She recently authored the book, Cruel and Usual Punishment: The Terrifying Global Implications of Islamic Law. Darwish was born in Cairo and spent her childhood in Egypt and Gaza before immigrating to America in 1978, when she was eight years old. Her father died while leading covert attacks on Israel. He was a high-ranking Egyptian military officer stationed with his family in Gaza.

Omar M. Ahmad founder of CAIR said: "Islam isn't in America to be equal to any other faith, but to become dominant" he said. "The Koran, the Muslim book of scripture, should be the highest authority in America , and Islam the only accepted religion on Earth," he said.

See links below on Shariah.

9/11 attack -

** Al-Qaeda (pronounced /ælˈkaɪdə/ al-KYE-də or /ælˈkeɪdə/ al-KAY-də; Arabic: القاعدة‎, al-qāʿidah, "the base"), alternatively spelled al-Qaida and sometimes al-Qa'ida, is a militant Islamist group founded sometime between August 1988[6] and late 1989.[7] It operates as a network comprising both a multinational, stateless arm[8] and a fundamentalist Sunni movement calling for global Jihad. It is widely considered a terrorist organization.

** Jihad (pronounced /dʒɪˈhɑːd/; Arabic: جهاد‎ [dʒiˈhæːd]), an Islamic term, is a religious duty of Muslims. In Arabic, the word jihād is a noun meaning "struggle." Jihad appears frequently in the Qur'an and common usage as the idiomatic expression "striving in the way of Allah (al-jihad fi sabil Allah)". A person engaged in jihad is called a mujahid; the plural is mujahideen. Jihad is an important religious duty for Muslims.

A wide range of opinions exist about the exact meaning of jihad. Muslims use the word in a religious context to refer to three types of struggles: an internal struggle to maintain faith, the struggle to improve the Muslim society, or the struggle in a holy war. The differences of opinion are the result of different interpretation of the two most important sources in Islam, the Qur'an and the ahadith (singular: hadith). For example, the prominent orientalist Bernard Lewis argues that, in the Qur'an and the ahadith jihad implies warfare in the large majority of cases. In a commentary of the hadith Sahih Muslim, entitled al-Minhaj, the medieval Islamic scholar Yahya ibn Sharaf al-Nawawi stated that "one of the collective duties of the community as a whole (fard kifaya) is to lodge a valid protest, to solve problems of religion, to have knowledge of Divine Law, to command what is right and forbid wrong conduct".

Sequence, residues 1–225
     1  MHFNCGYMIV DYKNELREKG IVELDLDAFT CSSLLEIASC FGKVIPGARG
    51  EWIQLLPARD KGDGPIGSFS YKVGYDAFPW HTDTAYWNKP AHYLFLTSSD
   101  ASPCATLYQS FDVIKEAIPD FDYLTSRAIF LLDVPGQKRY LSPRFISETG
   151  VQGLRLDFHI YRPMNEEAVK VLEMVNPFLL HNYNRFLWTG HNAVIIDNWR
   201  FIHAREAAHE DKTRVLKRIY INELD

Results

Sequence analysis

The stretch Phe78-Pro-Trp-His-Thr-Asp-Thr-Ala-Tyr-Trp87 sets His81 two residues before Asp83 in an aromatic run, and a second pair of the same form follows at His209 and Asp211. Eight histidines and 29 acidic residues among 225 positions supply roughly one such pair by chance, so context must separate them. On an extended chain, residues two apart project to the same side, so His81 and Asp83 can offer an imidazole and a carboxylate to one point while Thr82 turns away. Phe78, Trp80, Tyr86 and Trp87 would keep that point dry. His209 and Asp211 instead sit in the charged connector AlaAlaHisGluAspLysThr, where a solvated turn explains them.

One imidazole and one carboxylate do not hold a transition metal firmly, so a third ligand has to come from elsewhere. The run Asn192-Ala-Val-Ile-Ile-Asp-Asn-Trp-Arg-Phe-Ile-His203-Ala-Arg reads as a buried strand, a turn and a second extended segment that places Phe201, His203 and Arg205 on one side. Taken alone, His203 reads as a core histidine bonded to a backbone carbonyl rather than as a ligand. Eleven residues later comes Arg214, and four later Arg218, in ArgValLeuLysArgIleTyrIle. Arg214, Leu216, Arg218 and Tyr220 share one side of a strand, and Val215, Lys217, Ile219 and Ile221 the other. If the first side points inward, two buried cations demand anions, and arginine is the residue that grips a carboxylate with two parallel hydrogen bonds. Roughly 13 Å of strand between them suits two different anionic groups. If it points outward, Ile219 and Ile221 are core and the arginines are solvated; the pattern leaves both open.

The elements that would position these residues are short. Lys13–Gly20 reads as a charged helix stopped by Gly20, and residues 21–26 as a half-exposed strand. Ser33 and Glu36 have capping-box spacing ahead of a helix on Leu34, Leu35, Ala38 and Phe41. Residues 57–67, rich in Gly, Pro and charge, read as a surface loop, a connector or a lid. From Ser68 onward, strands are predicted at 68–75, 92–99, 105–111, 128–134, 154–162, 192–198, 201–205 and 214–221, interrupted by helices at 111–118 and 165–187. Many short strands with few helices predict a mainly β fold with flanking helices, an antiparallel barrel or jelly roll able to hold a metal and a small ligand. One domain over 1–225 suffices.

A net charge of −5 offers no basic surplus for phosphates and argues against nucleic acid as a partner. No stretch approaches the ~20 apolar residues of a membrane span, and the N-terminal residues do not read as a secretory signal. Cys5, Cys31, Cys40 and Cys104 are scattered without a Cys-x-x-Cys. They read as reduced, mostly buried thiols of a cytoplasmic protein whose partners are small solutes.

In western societies the term jihad is often translated as "holy war". Muslim authors tend to reject such an approach, stressing non-militant connotations of the word. In technical literature, the term "holy war" is often used to describe jihad. However, scholars of islamic studies often stress that both words are not synonymous.
Nonie Darwish

Shariah Law

President, a Muslim?

Constitution PDF embedded in the documentation link at

Soho Realty, Muslim owned. Sharif el-Gamal, CEO of SoHo Properties and lead developer of the Park 51 project (Cordoba Mosque).

Handled Transaction for purchase of Burlington Coat Factory Building, which has a piece of an engine still within it. 5Million was the price, paid in cash

Soho Properties is a Muslim-run real estate company at 552 Broadway, #6N, New York, New York, that arranges and participates in real estate investments It was founded by Sharif El-Gamal in 2003.

The Saudi Connection (Below pg 17, 18) One major shareholder in the Al Shamal bank founded by Osama bin Laden and others is the Faisal Bank.
Another investor with Soho Properties was another foundation, known as the American Society for Muslim Advancement (ASMA).

Sharif El-Gamal

Aziz Poonawalla, who is the kind of man who posts obscene photoshops about his ideological opponents, and who once fooled a whole passel of rubes at spitblogger Dean Esmay's site by claiming that my use of the standard and ordinary Arabic transliteration of my name was a ludicrous error, has now published a supposedly frank, open, and honest discussion of the plans for the Islamic supremacist mega-mosque at Ground Zero with Sharif El-Gamal (pictured above at Tuesday's hearing of Manhattan's Community Board 1), the multimillionaire who owns the property. As might be expected, El-Gamal's answers fall significantly short of actually being frank, open, and honest.